In going after the anti-Catholic vote, Nixon took up a suggestion from Rev. Billy Graham, who wrote in a letter to the then vice president, “when the chips are down I think the religious issue would be very strong and might conceivable work in your behalf.” Graham in fact shared his mailing list with the anti-Kennedy efforts.

Nixon, however, had a problem of his own: Civil rights. In order to gain Protestant votes, he had to win a large percentage of conservative white southern voters, so he could not be seen as progressive on race and have any chance at the southern vote. In hindsight, that foretold the Republicans’ “Southern Strategy” that took electoral voters from the formerly Democratic “Solid South” camp for election after election in the later part of the 20th Century.
Kennedy and his faith
“The Making of a Catholic President” shows how the Kennedy camp came to realize the serious threat that JFK faced from anti-Catholic bigotry and how he and his strategists determined to confront the issue directly.

Kennedy sought out and listened to Protestant leaders and then addressed their fears.

Over and over during the primaries and the general election campaign JFK voiced his opposition to tax dollars for Catholic education, his opposition to an ambassador to the Vatican, and his commitment to the constitution of the country over the dogma of his faith.

He entered the West Virgina primary, winning the votes of that overwhelmingly Protestant populace, then into the lions’ den of the Houston Ministerial Association, where he gave a speech and answered questions from that hostile Protestant audience.

That event may be the most often recalled remarks by Kennedy about the impact of his religion on his actions in office.

“Whenever an issue may come before me as President . . . I will make my decision . . . in accordance with what my conscience tells me to be in the national interest, and without regard to outside religious pressure or dictates. And no power or threat of punishment could cause me to decide otherwise.”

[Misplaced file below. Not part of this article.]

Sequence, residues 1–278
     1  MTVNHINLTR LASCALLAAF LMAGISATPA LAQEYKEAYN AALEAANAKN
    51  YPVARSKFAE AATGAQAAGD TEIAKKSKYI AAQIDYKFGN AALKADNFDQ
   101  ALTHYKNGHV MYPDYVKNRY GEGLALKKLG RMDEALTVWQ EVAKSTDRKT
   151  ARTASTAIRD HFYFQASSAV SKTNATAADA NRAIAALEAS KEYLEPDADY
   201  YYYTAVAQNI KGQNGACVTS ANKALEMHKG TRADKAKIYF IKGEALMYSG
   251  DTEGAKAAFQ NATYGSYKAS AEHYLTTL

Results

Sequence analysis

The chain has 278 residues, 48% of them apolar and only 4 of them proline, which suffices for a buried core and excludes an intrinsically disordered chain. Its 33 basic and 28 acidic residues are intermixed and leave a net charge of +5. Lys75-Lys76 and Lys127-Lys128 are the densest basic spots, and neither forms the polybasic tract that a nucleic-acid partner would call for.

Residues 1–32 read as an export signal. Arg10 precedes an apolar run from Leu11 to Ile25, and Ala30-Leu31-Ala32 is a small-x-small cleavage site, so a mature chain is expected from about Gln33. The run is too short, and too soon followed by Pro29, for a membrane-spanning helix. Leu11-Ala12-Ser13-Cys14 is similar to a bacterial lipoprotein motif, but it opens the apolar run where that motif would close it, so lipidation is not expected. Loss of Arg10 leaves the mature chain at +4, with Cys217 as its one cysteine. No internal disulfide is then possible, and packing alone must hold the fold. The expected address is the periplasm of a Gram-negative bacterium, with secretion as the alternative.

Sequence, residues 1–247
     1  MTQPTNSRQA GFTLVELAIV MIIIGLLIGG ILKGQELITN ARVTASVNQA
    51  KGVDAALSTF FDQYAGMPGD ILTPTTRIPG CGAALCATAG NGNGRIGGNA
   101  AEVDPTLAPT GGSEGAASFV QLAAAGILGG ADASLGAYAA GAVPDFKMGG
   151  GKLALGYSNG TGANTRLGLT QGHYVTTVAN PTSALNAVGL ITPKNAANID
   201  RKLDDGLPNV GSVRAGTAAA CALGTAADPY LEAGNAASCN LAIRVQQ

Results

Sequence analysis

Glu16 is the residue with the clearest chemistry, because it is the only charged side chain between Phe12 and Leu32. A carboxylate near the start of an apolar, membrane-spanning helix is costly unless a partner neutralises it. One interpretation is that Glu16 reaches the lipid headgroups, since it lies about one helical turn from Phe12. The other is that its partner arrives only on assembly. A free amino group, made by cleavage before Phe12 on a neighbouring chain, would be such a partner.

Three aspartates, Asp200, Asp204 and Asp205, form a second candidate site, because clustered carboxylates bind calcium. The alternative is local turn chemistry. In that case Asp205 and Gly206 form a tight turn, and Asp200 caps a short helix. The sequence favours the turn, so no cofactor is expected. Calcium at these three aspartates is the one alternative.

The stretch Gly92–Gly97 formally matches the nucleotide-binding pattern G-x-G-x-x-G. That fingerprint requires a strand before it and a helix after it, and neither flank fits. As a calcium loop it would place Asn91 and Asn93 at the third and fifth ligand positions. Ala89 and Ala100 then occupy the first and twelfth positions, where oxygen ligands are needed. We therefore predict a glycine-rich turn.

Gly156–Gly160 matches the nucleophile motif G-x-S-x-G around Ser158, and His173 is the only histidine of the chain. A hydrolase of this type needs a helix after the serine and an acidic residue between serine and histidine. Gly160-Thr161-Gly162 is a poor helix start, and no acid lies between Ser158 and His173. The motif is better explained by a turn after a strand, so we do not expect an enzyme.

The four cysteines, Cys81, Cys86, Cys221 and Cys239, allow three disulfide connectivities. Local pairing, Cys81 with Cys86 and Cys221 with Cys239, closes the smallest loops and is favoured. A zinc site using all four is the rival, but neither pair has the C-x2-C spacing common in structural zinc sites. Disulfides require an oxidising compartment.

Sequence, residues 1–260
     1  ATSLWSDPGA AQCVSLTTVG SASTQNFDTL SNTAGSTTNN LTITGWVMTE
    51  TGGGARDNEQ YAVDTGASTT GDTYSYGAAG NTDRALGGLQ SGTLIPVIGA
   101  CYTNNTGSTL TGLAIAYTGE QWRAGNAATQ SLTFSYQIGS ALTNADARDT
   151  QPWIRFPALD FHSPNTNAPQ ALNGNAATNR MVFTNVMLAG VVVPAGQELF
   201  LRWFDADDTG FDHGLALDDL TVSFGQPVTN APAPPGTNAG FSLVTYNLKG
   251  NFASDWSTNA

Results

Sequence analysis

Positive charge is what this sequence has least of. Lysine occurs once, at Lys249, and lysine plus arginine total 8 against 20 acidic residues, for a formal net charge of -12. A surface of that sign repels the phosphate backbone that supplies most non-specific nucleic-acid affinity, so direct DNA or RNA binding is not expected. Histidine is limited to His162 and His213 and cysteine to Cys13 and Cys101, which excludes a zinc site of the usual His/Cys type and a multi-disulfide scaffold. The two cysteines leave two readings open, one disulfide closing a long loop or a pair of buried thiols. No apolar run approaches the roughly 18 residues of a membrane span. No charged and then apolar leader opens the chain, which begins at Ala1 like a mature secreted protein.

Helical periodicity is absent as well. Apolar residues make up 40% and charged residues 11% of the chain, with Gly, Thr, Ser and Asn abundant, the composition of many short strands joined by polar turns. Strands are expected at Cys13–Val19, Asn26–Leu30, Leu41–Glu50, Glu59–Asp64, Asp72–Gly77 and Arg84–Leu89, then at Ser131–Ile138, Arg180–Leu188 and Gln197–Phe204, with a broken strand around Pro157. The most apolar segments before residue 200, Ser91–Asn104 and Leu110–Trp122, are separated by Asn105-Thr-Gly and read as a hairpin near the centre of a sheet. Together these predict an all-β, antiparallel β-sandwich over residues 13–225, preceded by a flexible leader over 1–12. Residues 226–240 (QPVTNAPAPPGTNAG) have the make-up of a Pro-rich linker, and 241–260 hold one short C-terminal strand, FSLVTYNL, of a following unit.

Kennedy’s statement echoed a quote that appeared in a Look magazine feature on him Feb. 16, 1959: “Whatever one’s religion in his private life may be, for the officeholder, nothing takes precedence over his oath to uphold the Constitution in all parts — including the First Amendment and the strict separation of church and state.”

At the time, Kennedy was chided by writers in Catholic magazines like the Jesuit’s America and lay-run Commonweal “for yielding too much ground to the Protestant worriers,” as
author Casey put it.

What is more interesting, and which deserves similar book-length treatment, are thoughts Casey brings up in his epilogue.

For further reflection
JFK carried 83% of the Catholic vote in 1960, 34% of the white Protestant vote, and 50% of the regular-attending black churchgoers, but won the electoral votes of hugely Protestant Texas, perhaps in part thanks to running mate Lyndon Johnson.

But Casey asks: “What was the nature of Kennedy’s Catholicism?”

The answer according to one priest who knew him well was that he was a conventional Catholic of his day who understood the structures and traditions that were the church of 1950s Boston.(That priest was a certain Father John Wright, a confidant of then-Senator Kennedy who offered extremely valuable advice about how to handle the issue of his faith. The priest later became the Bishop of Pittsburgh and a John Cardinal Wright.)

Even is one disavows some of the alleged moral failings that have come to light about JFK in the years since his assassination, considering the current climate of pressure on Catholic candidates from some of the American hierarchy and other corners of the church, one has to wonder if today JFK would be able to pull 83% of the Catholic vote, or if the fact that we now have had a Catholic president would take the cachet off electing a Catholic for Catholic voters.

Still more to think about
Casey’s epilogue offers cause for reflection for other, more important issues for today’s Catholic.

In pointing out how JFK sought understanding from Protestants, not endorsement, Casey says:

“As religion has increasingly become connected to the political divide in this country, it has reinforced a gulf among faith communities such that members of the religious Right and the religious Left routinely demonize one another and, in doing so, ape the worst aspects of American political culture.”

He adds two more thoughts:

First, the political independence of faith communities is good for both the faith communities and the nation. Second, endorsements of politicians by faith communities are usually misguided.